The Law Firm of Piacentile, Stefanowski & Malherbe LLP

A Brief History of Five of the Largest and Most Lucrative Mass Torts


In recent years, there have been several multi-billion-dollar mass tort settlements. While the details of each case vary, they share a few commonalities: they involve many individuals, they generate a great deal of publicity, and they can take many years to settle. Here is a brief overview of five of the largest and most publicized mass torts in recent history.


Given its properties, asbestos was widely used as a construction and fireproofing material. Due to serious health issues arising from exposure to asbestos, including a type of cancer called Mesothelioma, it is currently banned from use in many countries, including the United States. Despite this ban, hundreds of thousands of individuals have been affected by asbestos exposure, leading to thousands of legal claims against companies that used this material. Given this scope, asbestos litigation is the longest-running mass tort litigation in the United States. Hundreds of thousands of claims have been made by individuals affected by asbestos or by surviving family members of individuals who died from conditions arising out of asbestos exposure. Many affected individuals have been able to obtain multi-million-dollar compensation for the damages they suffered. As an example, in the Whittington v. United States Steel case, a record-setting verdict of $250 million was awarded to a person exposed to asbestos at his workplace. Since so many people were affected, most of the companies involved with asbestos filed for bankruptcy. Although bankruptcy trusts are normally established to compensate victims, these usually only pay pennies on the dollar to affected parties. The average payment to Mesothelioma victims is usually high, usually around $1 million per victim.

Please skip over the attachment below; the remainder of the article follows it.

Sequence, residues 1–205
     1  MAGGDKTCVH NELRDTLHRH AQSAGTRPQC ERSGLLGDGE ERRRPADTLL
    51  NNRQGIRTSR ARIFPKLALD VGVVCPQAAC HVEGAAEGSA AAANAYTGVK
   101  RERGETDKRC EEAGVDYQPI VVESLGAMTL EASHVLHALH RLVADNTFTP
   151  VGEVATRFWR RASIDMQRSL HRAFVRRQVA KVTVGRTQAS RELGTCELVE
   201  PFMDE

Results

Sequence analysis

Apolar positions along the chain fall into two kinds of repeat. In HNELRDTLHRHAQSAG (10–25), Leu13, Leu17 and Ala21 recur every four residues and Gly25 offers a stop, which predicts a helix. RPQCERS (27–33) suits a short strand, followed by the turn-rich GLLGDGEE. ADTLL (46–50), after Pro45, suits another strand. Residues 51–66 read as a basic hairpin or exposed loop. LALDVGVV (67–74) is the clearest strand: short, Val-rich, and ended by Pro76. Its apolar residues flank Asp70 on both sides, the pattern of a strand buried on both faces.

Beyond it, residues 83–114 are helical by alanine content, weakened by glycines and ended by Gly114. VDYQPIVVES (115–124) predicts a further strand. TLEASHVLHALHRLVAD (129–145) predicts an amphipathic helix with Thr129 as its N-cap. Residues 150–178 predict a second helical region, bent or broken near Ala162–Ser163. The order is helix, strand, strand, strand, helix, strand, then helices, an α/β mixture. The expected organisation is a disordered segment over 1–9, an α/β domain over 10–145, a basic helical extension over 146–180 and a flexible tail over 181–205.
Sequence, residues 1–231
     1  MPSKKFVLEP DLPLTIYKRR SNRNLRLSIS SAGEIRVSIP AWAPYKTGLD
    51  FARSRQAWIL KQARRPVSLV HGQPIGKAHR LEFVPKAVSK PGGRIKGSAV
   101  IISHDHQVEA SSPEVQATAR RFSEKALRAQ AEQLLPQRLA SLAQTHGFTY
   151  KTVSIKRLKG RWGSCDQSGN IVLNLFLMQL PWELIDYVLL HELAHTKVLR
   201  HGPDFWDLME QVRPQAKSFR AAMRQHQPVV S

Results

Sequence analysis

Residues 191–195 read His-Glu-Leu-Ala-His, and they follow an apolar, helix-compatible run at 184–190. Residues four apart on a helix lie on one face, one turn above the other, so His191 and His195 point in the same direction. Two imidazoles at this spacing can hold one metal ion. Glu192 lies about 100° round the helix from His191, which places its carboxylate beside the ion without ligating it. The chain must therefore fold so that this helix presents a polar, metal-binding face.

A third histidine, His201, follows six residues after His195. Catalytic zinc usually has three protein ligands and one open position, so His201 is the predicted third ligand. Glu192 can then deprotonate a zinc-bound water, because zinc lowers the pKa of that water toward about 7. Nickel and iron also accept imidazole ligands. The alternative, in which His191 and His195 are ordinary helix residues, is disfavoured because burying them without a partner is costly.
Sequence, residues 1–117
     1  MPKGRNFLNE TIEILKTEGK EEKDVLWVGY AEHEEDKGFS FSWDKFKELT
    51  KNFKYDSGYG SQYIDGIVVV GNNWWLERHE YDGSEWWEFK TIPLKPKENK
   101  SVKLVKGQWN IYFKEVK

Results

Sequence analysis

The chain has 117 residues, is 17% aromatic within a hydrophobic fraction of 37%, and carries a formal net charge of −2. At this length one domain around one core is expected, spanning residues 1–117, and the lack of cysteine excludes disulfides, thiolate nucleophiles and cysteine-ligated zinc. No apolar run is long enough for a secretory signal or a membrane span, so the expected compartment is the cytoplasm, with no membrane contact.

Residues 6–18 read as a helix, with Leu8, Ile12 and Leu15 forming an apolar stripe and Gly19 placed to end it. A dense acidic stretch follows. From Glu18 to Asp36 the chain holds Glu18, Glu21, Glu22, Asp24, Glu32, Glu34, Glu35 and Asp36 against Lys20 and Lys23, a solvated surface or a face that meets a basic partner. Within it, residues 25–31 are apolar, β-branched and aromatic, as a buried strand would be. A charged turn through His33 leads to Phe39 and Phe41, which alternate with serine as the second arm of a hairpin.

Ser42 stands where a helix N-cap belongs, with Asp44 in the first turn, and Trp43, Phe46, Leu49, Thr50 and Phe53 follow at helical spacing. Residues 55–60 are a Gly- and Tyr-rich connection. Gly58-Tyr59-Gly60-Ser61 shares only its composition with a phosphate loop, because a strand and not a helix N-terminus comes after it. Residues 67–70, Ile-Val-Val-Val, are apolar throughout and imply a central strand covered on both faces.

Tobacco Litigation

Although the harm caused by tobacco products is widespread knowledge nowadays, it wasn’t so widely known or accepted several decades ago. Starting in the 1950s, cases began being filed against tobacco companies by individuals adversely affected by their products. Many alleged that they did not receive adequate notice concerning the adverse health effects that resulted from using tobacco products. They also claimed that tobacco companies conspired to prevent the disclosure of information on the health effects of their products. One landmark decision was emitted by the United States Supreme Court in 1992, in the Cipollone v. Liggett Group, Inc., case. The Court decided that tobacco companies were not shielded from liability due to the Surgeon General’s warning on tobacco products. Another major class action case, titled Engle v. Liggett Group, Inc., was filed representing around 100,000 individuals in Florida state court. Although the class was initially certified, it was later decertified and individuals were allowed to pursue their actions in an individual capacity. There have been several waves of cases against tobacco companies. The first ones were not very successful for plaintiffs, but the wave that started in the mid-1990s led to several favorable verdicts and settlements. Some plaintiffs were awarded verdicts in the tens of millions of dollars range. In the class actions arena, although several cases initially obtained verdicts in the billions of dollars, many ended up being greatly reduced or completely vacated.

Silicone Breast Implants